The Bear Growls: Palms, Rampart, Cannery, South Point conspire to fix prices in sportsbooks

Competitors Palms, Rampart/Cannery, and South Point have conspired to attempt to fix prices at their sports books, to the detriment of the public.  Though the books will remain independent in their operations, they will have the same lines (i.e, prices) at all locations.  It is worth noting that these are competitors, not several locations under unified ownership, such as Harrah’s, MGM, Leroy’s, Cal-Neva, et al.

In this article, the books brag about how they will be able to handle heavier action. But what good are higher limits when the prices are fixed?

Bert Osbourne, South Point’s sports book director, will set the lines for the eight properties, but each book will continue to be owned and operated by its current owners.

Price Fixing, Bid Rigging, and Market Allocation Schemes:  What They Are and What to Look For

This is no different than the managers of Wal-Mart, K-Mart, and Target getting together and agreeing to charge the identical price on every item they sell. There used to be anti-trust laws; do they still exist?   Crooked businesspeople used to be prosecuted for scams like this; but these casino folks are doing it in the open and bragging about it.

Here is a chance for the Nevada Gaming Control Board to show it is at least a little bit more than a puppet for the casino industry.   It showed a little backbone in the recent  nightclub scandals, though it stopped woefully short by declining to recommend criminal prosecution. Will it meet the challenge and stop this despicable price-fixing scam, or will it roll over as usual?  Sad to say, my money is on the Board rolling over.  The casino patron gets the short end of the stick again.  Shame, shame, shame.  These characters wonder why Nevada had its biggest decrease in gaming win in history this year.  Lack of meaningful patron protection against casino wrongdoing, and the Nevada casino industry’s “screw the public” mentality are surely among the reasons.

If the Gaming Control Board refuses to stop this, perhaps it’s time for the U.S. Department of Justice to take action.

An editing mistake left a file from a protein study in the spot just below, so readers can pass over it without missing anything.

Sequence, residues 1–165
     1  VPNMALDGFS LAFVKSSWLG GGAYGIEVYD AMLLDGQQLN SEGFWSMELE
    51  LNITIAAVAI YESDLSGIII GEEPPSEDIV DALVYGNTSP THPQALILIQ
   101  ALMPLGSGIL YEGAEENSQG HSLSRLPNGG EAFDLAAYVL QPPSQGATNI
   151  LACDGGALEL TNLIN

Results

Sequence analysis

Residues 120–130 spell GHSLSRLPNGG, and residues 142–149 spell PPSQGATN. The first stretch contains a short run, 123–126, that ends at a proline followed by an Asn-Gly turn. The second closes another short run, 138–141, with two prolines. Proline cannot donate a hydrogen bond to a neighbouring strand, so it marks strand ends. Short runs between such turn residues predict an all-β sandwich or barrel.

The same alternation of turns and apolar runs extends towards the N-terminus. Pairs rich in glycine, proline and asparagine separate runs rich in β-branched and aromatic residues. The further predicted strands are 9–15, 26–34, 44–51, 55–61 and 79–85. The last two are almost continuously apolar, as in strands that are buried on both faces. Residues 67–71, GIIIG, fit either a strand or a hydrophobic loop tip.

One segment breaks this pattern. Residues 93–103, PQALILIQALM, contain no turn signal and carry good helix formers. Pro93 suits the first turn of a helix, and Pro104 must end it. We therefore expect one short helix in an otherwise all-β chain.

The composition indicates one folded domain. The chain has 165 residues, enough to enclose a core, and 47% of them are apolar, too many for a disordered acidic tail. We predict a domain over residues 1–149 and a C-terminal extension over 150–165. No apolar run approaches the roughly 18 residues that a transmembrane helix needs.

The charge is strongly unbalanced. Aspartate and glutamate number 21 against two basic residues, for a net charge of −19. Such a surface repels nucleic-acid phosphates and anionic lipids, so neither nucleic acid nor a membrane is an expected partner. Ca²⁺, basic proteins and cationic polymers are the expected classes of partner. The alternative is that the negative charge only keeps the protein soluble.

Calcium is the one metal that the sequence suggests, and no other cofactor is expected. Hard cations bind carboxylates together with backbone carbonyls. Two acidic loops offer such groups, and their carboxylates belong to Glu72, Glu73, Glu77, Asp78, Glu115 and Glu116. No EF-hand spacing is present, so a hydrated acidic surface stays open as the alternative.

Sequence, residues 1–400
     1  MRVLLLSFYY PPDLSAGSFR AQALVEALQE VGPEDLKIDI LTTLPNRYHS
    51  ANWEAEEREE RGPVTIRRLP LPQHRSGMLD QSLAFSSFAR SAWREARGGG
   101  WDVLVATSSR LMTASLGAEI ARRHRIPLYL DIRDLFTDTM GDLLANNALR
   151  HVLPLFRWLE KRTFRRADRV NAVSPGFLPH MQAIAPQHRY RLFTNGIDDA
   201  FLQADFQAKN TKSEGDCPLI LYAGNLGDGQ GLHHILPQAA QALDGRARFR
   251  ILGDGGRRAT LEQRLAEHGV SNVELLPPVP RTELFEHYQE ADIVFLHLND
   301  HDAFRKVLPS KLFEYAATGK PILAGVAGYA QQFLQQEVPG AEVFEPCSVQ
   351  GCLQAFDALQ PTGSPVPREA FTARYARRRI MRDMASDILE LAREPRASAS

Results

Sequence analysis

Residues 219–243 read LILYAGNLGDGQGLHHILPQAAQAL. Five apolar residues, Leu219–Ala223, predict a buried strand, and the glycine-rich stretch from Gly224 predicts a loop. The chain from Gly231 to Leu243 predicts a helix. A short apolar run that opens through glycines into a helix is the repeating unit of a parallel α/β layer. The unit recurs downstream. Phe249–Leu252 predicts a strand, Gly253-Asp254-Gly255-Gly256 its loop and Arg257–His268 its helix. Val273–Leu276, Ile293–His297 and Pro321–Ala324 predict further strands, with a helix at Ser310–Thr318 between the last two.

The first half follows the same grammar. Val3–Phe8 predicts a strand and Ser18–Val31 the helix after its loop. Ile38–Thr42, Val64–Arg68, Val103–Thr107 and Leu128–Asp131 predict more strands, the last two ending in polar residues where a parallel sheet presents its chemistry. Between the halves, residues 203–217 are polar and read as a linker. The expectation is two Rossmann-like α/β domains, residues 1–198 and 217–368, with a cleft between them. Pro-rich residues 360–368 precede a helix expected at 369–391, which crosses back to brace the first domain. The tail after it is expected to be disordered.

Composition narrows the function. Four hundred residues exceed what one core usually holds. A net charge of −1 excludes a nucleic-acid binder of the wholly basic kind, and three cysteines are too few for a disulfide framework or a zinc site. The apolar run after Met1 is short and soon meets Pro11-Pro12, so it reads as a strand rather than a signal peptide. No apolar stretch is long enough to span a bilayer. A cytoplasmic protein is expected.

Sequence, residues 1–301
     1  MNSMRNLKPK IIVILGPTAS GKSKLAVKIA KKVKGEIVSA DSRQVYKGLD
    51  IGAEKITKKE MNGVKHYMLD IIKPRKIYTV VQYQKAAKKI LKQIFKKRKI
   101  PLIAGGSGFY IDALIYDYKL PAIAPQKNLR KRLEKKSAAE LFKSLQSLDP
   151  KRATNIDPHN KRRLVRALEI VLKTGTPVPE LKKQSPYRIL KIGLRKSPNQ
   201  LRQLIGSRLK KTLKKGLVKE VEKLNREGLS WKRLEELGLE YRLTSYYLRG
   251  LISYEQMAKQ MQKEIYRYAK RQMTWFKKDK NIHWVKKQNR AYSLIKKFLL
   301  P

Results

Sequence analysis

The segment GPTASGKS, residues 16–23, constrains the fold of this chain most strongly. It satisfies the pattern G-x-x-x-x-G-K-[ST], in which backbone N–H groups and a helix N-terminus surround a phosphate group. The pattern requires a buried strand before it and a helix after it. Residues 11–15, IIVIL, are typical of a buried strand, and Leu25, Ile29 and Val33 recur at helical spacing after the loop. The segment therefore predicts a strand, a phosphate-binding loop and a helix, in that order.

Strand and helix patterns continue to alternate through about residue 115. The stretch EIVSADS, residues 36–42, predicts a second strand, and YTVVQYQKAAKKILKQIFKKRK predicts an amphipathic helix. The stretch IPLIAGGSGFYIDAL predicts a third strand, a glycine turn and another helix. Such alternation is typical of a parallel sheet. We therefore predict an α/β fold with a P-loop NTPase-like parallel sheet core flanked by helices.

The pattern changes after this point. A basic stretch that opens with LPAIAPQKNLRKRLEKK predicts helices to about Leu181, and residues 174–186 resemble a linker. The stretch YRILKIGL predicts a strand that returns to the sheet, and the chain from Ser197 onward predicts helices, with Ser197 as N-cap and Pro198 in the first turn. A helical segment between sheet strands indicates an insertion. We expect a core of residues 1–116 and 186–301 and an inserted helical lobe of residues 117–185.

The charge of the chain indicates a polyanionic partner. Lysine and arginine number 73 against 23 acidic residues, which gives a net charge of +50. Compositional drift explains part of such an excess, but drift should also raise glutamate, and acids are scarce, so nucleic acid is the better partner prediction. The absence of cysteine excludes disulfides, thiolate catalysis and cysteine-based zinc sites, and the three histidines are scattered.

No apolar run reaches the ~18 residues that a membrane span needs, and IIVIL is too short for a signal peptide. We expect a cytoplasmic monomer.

One Comment

  1. It is often said that there is no accounting for taste but perhaps there is! I would suggest the decrease in gaming win is the final accounting for taste. People choose to gamble and that means they choose where to gamble. Oh sure there are some exceptions and some constraints such as a compulsive gambler or a woman who decides that if her husband has selected Las Vegas for a vacation she is not going to let him go there alone. Absent some obvious constraints on selection, its the player who makes the choice. And whatever premium casinos offer or think that they offer, that premium is getting very thin.
    Screw the public? Well, we all know why the casinos ply their patrons with liquor. Screw the public? We all know alot of players don’t know Basic Strategy. Screw the public? I’ve never heard a stickman intoning Please Confine Your Betting to the Line and Odds Bets and Avoid These Sucker Bets in the Center.
    So to a certain extent it is Screw The Public … and price fixing in restraint of trade is buy one more twist of the screw.
    Perhaps that is why the much-hated Indian Casinos are still full. Why trek for several hours to get to Vegas if the screwing ain’t much different a half-hour away?
    Sure you can talk about product mix and customer mix … but if this screwing keeps up the Gaming Control Board will no longer be a gutless rubberstamp for a thriving industry. Those players are voting. They have been voting. They will continue to vote. They vote to go elsewhere with their money. Sportsbooks, slots, BlackJack, craps, … it makes no difference. Casinos that openly engage in collusive price fixing for their sports book are not really all that different from the complacent casinos who screw the half-inebriated tourist with their “loose slots”.
    The gaming control board’s loyalty is to the casino, not the player. And that is not going to change even if the casinos start dying.

Leave a Reply